This study longitudinally examines the impact of transportation support on driving cessation among community-dwelling older adults residing in retirement communities.Data came from 3 waves of the Florida Retirement Study (1990-1992), a population-based cohort study. Analysis was limited to participants who drove at baseline and were reinterviewed in 1992 (N = 636). Transportation support from a spouse, family members, friends/neighbors, agencies/organizations (e.g., church), or hired assistants was included. Discrete-time multivariate hazard models were estimated to examine the impact of transportation support on driving cessation while controlling for demographic and health characteristics.
Participants were more likely to stop driving if they had received at least some transportation support from friends/neighbors (Hazard Ratio = 2.49, p = .001) as compared with those with little or no support. Transportation support from organizations/agencies or hired assistants was also significantly associated with the likelihood of driving cessation, but only a small number of participants reported to have received such support. Receiving some or more transportation support from a spouse or family members did not have a statistically significant relationship with driving cessation.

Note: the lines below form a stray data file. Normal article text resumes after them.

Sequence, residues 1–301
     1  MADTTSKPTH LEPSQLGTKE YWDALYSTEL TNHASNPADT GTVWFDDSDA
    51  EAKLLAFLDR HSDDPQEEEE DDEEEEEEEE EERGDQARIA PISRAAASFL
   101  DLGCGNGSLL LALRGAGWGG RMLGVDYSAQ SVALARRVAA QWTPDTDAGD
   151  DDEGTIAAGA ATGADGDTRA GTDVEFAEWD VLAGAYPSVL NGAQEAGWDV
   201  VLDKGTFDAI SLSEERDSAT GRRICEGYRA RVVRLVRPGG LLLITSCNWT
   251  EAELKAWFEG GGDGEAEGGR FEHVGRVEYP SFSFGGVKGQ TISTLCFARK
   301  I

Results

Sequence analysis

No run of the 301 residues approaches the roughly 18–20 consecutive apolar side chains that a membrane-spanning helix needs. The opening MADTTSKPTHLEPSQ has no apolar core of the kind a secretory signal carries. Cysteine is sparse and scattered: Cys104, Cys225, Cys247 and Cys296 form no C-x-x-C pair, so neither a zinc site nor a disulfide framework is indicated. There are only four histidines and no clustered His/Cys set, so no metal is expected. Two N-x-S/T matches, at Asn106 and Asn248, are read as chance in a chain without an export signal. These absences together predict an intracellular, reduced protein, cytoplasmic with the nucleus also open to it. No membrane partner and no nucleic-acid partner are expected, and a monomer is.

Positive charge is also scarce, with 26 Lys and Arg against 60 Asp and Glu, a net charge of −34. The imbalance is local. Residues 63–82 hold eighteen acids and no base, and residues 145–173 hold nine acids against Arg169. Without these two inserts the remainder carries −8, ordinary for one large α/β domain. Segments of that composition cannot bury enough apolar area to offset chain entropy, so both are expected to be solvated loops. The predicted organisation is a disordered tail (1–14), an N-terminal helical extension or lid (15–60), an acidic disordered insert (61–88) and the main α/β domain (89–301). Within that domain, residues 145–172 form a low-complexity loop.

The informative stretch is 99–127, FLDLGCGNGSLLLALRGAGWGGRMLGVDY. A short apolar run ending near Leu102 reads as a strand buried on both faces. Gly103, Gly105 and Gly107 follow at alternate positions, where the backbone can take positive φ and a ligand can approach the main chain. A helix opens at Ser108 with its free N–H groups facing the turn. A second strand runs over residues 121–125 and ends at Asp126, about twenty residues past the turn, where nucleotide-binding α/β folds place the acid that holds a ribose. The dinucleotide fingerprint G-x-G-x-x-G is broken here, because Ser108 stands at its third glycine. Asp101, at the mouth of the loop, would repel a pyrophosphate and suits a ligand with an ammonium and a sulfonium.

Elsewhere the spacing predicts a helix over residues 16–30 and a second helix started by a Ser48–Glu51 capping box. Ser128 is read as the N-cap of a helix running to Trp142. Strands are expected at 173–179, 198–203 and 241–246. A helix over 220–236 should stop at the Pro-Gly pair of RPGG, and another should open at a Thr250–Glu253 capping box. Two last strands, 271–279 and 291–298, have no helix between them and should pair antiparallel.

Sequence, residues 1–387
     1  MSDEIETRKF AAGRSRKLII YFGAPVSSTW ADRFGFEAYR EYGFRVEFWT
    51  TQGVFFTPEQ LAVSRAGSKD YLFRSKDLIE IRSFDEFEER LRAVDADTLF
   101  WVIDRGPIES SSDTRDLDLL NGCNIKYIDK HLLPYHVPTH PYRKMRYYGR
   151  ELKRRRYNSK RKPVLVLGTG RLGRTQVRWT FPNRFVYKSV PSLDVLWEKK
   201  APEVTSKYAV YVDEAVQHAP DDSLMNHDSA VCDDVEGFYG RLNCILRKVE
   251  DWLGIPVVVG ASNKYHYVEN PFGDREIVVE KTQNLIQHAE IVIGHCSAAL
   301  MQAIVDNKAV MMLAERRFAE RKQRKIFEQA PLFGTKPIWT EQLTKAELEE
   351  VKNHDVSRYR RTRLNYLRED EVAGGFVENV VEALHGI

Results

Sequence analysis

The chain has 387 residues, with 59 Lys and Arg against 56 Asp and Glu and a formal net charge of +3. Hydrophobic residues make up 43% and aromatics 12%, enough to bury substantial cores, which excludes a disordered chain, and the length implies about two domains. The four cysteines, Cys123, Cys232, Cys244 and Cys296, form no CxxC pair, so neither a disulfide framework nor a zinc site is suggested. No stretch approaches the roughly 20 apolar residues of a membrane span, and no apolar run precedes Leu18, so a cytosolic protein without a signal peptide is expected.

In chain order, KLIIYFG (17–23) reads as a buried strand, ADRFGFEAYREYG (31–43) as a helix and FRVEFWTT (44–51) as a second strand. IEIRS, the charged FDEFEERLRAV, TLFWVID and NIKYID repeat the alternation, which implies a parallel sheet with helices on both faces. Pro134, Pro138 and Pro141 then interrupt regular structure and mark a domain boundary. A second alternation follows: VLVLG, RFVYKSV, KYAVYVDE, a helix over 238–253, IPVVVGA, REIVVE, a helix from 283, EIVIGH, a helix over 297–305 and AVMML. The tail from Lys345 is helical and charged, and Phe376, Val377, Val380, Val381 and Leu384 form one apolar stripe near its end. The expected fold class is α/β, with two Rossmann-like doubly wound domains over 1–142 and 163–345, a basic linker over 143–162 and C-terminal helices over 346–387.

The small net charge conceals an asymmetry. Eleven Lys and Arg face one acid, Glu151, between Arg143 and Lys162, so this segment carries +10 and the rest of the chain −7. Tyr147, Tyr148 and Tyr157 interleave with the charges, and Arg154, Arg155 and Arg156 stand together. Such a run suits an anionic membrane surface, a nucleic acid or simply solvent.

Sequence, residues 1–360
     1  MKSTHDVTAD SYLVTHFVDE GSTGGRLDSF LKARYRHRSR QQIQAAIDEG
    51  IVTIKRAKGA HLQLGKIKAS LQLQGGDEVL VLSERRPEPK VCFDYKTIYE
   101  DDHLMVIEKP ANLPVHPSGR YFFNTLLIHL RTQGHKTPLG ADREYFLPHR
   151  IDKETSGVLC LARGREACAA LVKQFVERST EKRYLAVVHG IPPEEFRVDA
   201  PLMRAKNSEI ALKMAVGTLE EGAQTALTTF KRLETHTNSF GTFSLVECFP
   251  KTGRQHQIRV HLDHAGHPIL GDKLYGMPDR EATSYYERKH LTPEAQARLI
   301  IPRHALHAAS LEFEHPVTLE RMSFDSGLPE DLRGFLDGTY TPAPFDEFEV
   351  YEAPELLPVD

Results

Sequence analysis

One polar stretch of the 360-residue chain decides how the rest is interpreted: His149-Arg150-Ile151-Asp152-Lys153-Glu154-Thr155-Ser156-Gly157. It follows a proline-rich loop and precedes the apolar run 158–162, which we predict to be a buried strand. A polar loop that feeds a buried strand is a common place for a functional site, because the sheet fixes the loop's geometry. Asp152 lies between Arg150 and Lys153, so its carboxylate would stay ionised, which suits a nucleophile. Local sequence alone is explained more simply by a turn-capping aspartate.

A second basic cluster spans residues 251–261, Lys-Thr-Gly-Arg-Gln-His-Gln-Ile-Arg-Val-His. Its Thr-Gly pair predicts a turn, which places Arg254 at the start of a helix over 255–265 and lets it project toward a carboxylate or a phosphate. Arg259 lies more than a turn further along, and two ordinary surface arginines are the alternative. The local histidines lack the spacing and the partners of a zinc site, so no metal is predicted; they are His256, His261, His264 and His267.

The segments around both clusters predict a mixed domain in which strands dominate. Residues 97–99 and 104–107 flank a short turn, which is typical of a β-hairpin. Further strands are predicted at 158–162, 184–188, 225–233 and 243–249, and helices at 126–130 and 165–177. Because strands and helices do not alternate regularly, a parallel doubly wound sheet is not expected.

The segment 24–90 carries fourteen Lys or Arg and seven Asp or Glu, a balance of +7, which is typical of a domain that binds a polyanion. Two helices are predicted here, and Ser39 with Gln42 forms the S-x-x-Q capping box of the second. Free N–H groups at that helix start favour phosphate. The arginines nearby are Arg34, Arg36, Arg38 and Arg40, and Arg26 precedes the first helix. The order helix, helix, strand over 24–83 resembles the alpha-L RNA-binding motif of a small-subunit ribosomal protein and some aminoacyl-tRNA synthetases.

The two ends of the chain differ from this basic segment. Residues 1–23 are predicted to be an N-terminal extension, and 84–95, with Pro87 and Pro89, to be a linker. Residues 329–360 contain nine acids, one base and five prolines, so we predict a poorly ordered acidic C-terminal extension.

The findings suggest that available nonkin transportation support, particularly support from peer friends, plays an important role in driving cessation for older adults living in retirement communities.